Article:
To start off on the right path, a biophilic design workshop was conducted by Rushing, early in design, in which team members explored their own connections to nature, how nature could be woven into the building design, and the health benefits of doing so. Tears were shed, vulnerable stories were told, and open-minded learning, courageous communication, and team connection was fostered. It is the establishment of this dynamic which led to investigation of innovative solutions such as dynamic, sculptural elements which mimic flocks of birds, use of groundwater to flush toilets, strategic use of daylight in order to minimize electric lighting, green building education opportunities for the school across the street, and expressions of water and energy use at the street level.

    Key Magnolia Safeway team members include Security Properties, Safeway, Bumgardner, KPFF, Rushing, Exxel Pacific, Communita Atelier, and Michela Communications.

    570 Mercer

    570 Mercer, an eight-story, 114,294-square-foot office building at the boundary of SLU and Lower Queen Anne neighborhoods in Seattle, is also targeting the city of Seattle’s LBPP reduced potable water use requirement, energy target of 25% improvement beyond SEC and the LBC Materials, Place, and Beauty Petals.

    The identification of a strong water-use strategy has demanded a full team endeavor examining predicted number of occupants, toilet flush flow rates, performance, maintenance, plant types for irrigation needs, available roof collection area, and climate patterns over the past 20-plus years. This exercise required all contributors to bring their relevant data to the table to weigh carefully together and determine the ideal recipe of factors to meet the project’s needs.

    Also wanting to create a building beneficial for human health, Schnitzer and the team are looking at strategies to contribute to potential reduction of transmission of viruses, i.e. COVID-19, specifically bi-polar ionization which creates ions that attach to virus particles and other VOCs, increasing their weight to cause them to be more easily captured by filters or fall to the floor more quickly.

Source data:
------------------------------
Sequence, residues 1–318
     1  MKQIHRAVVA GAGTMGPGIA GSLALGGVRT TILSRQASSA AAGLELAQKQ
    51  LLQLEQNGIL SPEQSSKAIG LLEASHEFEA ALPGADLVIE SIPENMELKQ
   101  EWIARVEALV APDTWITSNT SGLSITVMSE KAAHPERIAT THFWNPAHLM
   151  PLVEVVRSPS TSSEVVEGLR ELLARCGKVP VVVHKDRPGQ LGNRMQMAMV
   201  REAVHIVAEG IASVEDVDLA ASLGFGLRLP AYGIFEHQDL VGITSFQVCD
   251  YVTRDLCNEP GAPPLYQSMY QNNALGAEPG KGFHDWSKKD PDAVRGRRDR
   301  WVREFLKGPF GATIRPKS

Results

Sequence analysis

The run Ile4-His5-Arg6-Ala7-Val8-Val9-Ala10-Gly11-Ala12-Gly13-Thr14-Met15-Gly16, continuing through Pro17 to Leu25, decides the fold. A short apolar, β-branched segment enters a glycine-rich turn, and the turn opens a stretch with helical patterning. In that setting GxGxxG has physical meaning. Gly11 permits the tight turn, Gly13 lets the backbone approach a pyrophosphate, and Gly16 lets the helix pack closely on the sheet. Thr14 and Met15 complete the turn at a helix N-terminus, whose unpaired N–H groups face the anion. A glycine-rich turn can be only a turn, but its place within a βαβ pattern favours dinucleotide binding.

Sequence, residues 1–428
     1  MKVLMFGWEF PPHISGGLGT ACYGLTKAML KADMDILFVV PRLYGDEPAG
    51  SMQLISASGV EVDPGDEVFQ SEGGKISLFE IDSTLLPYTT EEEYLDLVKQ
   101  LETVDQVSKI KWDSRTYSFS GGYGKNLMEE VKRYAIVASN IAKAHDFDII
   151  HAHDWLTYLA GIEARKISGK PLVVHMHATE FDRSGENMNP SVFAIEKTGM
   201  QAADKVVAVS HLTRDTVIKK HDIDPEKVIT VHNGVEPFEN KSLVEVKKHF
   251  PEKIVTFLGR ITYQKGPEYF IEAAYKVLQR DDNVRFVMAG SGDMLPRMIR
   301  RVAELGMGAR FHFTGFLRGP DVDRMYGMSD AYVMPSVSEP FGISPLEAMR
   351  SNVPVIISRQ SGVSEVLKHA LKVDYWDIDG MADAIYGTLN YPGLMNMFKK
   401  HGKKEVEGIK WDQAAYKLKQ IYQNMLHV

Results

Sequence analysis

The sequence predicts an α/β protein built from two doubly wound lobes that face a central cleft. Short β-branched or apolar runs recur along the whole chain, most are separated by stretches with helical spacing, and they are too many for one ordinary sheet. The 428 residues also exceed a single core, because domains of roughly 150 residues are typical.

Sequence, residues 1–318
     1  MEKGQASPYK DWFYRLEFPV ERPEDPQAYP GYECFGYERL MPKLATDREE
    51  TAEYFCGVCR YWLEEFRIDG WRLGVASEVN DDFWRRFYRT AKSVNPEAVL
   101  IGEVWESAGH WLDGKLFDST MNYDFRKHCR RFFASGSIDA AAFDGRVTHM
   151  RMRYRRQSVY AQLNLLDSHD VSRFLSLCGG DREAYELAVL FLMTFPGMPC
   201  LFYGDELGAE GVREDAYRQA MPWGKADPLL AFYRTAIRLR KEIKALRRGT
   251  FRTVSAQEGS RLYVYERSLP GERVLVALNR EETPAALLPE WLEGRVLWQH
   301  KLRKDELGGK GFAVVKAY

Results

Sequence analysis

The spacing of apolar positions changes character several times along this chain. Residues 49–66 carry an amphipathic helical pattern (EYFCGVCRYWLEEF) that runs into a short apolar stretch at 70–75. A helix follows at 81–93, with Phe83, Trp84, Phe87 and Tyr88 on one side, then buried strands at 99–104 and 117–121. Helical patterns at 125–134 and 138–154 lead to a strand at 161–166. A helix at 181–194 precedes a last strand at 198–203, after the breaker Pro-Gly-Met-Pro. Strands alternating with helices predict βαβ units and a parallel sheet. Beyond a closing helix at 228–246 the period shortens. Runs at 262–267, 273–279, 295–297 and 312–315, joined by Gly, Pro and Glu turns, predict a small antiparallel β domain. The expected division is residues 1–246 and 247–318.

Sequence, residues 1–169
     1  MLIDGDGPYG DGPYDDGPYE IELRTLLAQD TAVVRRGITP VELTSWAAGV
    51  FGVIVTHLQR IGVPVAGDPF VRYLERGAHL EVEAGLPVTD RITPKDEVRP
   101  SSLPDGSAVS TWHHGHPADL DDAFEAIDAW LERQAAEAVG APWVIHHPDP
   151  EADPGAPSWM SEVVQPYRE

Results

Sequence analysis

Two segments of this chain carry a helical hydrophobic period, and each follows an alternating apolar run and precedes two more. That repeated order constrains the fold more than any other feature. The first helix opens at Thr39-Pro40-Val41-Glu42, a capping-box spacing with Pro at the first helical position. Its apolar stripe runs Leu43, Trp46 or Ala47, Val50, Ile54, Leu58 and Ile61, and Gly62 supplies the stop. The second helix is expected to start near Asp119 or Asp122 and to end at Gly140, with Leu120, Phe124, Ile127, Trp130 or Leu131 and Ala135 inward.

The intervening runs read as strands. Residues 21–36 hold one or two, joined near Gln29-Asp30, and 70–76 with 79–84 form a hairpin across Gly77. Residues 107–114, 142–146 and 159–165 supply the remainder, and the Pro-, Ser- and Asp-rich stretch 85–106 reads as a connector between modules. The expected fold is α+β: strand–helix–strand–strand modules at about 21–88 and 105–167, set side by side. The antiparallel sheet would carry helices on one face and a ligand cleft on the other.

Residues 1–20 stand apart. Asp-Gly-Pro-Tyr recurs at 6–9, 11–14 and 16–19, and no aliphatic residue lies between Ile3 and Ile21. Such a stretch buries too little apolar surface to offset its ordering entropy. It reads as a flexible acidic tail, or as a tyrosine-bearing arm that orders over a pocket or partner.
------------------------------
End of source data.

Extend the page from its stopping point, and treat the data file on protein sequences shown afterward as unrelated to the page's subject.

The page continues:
The 570 Mercer project team includes Schnitzer West LLC, Weber Thompson, Navix, Rushing, and PCL, among others.


    None of these design explorations can be done in silos. Together, we can do this though. If entire ecosystems can come back to life by sharing resources and working together, we can build cities which restore and give back, rather than deplete our resources and natural systems. We can create a healthy future by continuing the momentum of respectful, transparent, open collaboration, exemplified in these and all deep green and LBPP projects. Let us ask ourselves each day what we can do to bring this deeply woven collaboration, ears open for learning, egos checked at the door, and utmost respect for one another’s perspectives and expertise into all our design and construction efforts.

    Alexandra Ramsden is a principal and director of sustainability, energy and commissioning at Rushing Co.